Interior Minister Charupong Ruangsuwan yesterday said the ruling Pheu Thai Party, of which he is leader, had worked out a plan to cope with a negative verdict from the court.
“If we [the whole Cabinet] are sacked [from office], there will be chaos. But we realise we will be [forced] out,” he said.
The court yesterday heard the testimony of four witnesses in the case. The witnesses were Thawil, Senator Paiboon Nititawan – who had brought the case to court – former national police chief Wichean Potephosree, who replaced Thawil, and the PM.
Paiboon filed the legal complaint against Yingluck, accusing her of abusing her authority in moving Thawil to an advisory post so that General Priewphan Damapong, the brother of Khunying Potjaman Na Pombejra -Thaksin’s ex-wife – could become the national police chief.
The Supreme Administrative Court had earlier ruled the removal to be an unlawful transfer, which led to Thawil’s reinstatement as head of the NSC.
In his testimony, Paiboon asked the court to order the appointment of a new PM by constitutional means within seven days of its verdict, should it rule against the caretaker government.
Yingluck, who testified to the court in person, said: “I deny the allegation … I didn’t violate any laws, I didn’t receive any benefit from the appointment,” she told the court.
Arguing against the allegation that she had had Thawil transferred to benefit her family, Yingluck told the court that Thaksin had already divorced Potjaman before Thawil’s removal.
She also testified that she had assigned then-deputy PM Kowit Wattana to be in charge of the Royal Thai Police and security affairs.
She said she had not at the time considered the transfer of the police chief and the NSC chief, because she and her Cabinet trusted Kowit and believed that he had duly considered the matter. In defending her status, Yingluck said in an eight-point statement that her premiership and the Cabinet’s status had in fact ended on the day the House of Representatives was dissolved last December.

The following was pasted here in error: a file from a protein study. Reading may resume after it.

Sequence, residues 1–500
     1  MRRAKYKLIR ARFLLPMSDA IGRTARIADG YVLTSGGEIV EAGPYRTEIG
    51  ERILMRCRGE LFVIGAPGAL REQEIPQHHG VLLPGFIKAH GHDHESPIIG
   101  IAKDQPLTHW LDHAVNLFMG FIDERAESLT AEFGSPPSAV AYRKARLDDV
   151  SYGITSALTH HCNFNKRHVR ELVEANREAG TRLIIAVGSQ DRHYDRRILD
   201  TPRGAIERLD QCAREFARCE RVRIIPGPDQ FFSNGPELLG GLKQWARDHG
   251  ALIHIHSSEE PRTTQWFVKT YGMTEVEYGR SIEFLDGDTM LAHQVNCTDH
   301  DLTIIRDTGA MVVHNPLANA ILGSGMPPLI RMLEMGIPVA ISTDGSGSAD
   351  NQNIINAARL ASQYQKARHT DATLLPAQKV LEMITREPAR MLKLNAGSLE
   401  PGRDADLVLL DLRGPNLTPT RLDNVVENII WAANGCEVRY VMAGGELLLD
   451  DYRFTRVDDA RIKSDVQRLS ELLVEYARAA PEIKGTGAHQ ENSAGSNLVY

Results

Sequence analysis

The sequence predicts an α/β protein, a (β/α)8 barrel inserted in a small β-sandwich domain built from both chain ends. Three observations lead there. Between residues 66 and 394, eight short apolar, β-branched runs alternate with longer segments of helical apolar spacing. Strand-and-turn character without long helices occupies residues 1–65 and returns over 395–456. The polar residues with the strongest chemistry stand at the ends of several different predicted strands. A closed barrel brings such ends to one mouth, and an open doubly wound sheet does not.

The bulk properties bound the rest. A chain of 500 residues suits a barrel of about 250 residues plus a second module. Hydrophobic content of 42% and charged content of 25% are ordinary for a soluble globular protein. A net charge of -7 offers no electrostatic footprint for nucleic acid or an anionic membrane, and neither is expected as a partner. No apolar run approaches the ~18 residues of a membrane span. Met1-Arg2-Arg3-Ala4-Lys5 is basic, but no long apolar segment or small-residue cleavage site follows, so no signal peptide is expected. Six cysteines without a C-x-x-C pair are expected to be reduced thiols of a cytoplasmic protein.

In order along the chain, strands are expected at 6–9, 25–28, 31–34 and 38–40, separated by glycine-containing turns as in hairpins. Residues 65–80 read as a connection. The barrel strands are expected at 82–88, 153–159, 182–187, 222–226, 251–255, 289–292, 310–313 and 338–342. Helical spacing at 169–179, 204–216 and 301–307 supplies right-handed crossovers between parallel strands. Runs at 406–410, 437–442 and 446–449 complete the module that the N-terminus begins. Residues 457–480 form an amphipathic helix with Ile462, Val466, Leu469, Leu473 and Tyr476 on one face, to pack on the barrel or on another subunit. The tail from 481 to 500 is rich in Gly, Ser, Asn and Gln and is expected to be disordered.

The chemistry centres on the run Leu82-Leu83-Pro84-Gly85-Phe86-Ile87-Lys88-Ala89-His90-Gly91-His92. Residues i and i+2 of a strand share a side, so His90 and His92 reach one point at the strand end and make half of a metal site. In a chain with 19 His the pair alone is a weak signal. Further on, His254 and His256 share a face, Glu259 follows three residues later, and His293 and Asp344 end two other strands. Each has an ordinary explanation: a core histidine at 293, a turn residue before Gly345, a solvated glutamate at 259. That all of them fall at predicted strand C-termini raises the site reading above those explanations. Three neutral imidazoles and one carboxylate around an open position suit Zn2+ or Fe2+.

Yingluck insisted that she and her Cabinet, which had already lost their status upon the dissolution of the House, would continue to perform their duties in a caretaker capacity under Article 181 of the Constitution until a new government was formed.
In his testimony yesterday, Wichean said his own transfer had been made with his consent.
“The transfer was [a result of] my disappointment that my [then] supervisor Pol Captain Chalerm Yoobamrung harshly blamed me. He said the police protected gambling dens and brothels. That [statement] damaged the people’s faith. “When I [as the national police chief] was thus accused, I sought advice from Kowit Wattana saying I couldn’t work with such a supervisor,” he said.
Yingluck has also been charged by the National Anti-Corruption Commission (NACC) with neglect of duty in connection with the costly rice-subsidy scheme.
The NACC may decide whether to indict Yingluck tomorrow at the earliest, and by May 15 at the latest.
If indicted, the PM must be suspended from office and face an impeachment vote in the Senate, which could lead to a five-year ban from politics.
Prime Minister Yingluck Shinawatra continues serving as caretaker PMYingluck is the only one who must vacate her postYingluck must leave her post but the caretaker Cabinet can continueYingluck and the ministers who took part in the Cabinet’s resolution on the transfer of Thawil must step downYingluck and the entire Cabinet must goYingluck and th
— Phuket Gazette Editors